Educator brings shop culture back into schools with digital ‘fablab’
“There ain’t nothin’ fake about these scissors,” says Shakira, a senior at East Palo Alto Academy, holding up shears the length of her forearm.
She is surrounded by 3-D printers, laser and vinyl cutters and a chemical hood for pouring and setting polymers. The drawers in front of her are full of circuitry and sensors, wheels and LEDs. Out of plastic shopping bags and fishing line, she is building a parachute for an egg.
Every Thursday morning, Shakira and her classmates build and experiment in the Transformative Learning Technologies Lab at Stanford University. The lab’s director, Assistant Professor Paulo Blikstein, believes that hands-on activities and powerful machinery will prove a more engaging window into traditional academic material.
The weekly visit to the lab is part of the charter school’s new physics curriculum.
At 6 feet, Blikstein towers over most of the students. He is a fair-skinned, clear-eyed Brazilian in a pastel polo, sailing through a room teeming with urban youth in dark, over-sized clothing. He hangs over their shoulders and peeks in on their projects, asking questions and offering suggestions.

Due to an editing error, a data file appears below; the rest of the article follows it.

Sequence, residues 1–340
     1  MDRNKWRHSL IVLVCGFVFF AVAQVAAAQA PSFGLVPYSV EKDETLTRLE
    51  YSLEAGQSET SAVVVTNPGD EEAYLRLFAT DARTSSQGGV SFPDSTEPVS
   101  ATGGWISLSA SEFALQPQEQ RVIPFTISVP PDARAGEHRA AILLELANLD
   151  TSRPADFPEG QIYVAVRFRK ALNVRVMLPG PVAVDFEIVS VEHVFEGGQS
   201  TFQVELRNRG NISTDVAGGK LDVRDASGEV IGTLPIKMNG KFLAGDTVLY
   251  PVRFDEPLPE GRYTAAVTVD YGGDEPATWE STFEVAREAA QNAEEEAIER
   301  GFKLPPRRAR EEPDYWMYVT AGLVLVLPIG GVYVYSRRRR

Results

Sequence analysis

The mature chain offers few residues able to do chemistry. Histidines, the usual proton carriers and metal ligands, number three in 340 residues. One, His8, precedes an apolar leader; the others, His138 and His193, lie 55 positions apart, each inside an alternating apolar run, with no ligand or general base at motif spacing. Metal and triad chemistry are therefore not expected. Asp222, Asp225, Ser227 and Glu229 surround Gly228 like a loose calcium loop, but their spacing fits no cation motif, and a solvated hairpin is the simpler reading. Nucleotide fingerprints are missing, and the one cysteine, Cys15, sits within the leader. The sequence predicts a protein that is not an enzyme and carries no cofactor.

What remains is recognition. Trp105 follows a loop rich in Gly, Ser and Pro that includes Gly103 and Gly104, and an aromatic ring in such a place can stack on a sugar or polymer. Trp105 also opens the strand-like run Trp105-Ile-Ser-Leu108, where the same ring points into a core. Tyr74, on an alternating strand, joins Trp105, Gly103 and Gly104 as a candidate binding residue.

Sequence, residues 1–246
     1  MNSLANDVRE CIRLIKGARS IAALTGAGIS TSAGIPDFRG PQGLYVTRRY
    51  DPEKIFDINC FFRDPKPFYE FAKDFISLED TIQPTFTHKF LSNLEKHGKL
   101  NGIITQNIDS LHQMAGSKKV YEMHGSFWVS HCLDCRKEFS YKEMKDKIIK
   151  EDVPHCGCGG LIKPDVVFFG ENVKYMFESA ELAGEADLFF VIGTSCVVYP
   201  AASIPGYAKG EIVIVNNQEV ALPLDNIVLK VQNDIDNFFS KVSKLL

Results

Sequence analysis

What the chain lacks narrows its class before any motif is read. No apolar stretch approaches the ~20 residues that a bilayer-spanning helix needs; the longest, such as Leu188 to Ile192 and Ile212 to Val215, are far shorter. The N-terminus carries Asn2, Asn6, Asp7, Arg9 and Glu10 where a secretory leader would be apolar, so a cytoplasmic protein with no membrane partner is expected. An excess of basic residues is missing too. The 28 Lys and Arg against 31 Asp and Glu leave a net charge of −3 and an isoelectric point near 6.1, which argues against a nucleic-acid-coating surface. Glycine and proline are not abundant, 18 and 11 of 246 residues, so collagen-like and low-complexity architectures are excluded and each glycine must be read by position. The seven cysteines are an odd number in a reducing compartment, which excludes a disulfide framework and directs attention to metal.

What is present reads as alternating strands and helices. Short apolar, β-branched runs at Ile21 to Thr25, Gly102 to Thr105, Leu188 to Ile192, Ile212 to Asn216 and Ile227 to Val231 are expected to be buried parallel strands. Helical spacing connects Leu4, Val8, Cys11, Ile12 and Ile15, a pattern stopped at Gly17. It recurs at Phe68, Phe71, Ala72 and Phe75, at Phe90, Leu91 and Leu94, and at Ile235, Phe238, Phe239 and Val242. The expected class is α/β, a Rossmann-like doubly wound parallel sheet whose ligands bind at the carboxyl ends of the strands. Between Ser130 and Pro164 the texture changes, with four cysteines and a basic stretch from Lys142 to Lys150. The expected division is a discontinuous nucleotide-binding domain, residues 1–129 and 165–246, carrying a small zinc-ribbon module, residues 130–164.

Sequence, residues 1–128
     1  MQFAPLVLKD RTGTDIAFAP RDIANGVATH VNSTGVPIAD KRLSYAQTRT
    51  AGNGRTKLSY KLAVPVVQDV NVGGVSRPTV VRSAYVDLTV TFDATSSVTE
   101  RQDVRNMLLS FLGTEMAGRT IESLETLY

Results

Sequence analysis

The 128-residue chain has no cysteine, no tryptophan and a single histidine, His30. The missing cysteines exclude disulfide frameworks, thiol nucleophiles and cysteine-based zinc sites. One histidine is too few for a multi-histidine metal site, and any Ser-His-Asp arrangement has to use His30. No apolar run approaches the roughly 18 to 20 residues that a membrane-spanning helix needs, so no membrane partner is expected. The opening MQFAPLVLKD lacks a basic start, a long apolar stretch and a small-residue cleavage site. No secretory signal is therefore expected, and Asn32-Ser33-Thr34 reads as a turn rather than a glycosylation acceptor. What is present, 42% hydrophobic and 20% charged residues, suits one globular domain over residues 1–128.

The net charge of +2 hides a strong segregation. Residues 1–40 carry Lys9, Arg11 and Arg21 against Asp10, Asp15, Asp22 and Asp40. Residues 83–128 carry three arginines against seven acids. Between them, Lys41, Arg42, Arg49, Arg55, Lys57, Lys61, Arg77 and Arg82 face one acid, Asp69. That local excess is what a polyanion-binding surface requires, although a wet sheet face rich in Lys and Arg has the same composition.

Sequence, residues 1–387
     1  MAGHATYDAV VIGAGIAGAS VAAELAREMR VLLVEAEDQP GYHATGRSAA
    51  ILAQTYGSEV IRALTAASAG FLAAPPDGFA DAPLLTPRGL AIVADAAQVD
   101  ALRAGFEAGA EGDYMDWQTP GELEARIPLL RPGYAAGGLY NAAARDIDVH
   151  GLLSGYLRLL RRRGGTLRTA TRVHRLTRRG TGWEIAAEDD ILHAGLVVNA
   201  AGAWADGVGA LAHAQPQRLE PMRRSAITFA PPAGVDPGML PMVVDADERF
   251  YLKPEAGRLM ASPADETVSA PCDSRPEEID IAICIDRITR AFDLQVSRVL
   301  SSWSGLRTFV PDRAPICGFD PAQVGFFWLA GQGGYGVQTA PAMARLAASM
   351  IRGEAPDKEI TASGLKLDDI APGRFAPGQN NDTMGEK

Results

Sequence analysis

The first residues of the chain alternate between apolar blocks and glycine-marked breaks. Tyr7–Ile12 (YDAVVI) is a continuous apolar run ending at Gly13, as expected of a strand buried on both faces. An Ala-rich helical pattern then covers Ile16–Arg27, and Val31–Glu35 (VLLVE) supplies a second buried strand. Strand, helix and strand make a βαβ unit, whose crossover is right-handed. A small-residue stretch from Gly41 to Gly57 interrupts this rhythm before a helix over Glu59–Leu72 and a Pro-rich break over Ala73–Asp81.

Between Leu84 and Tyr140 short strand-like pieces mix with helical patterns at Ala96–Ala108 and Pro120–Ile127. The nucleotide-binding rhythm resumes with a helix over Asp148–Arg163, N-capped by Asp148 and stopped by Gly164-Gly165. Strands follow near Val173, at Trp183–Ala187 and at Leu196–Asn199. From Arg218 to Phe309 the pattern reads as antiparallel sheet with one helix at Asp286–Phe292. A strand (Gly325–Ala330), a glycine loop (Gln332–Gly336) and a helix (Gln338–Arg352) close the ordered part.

Blikstein said he sympathizes with young people who show little enthusiasm for school. He grew up in an alternative education system in Sao Paolo, Brazil. There, he developed a deep love of learning without the influence of grades or exams or textbooks. At 14, when he entered a regular high school, the experience was shocking. ”I didn’t understand why you would do that to people,” he recalled thinking.
Blikstein’s lab is dedicated to exploring alternatives to conventional classroom education. It is a place for what’s known as digital fabrication; the machines allow students to easily and cheaply create things they design on computers.
“You have to make science to learn science. There’s no way to learn science just listening to a person talk,” he said. “You can’t teach people how to swim if you don’t have a swimming pool. A classroom is a terrible place to teach science.”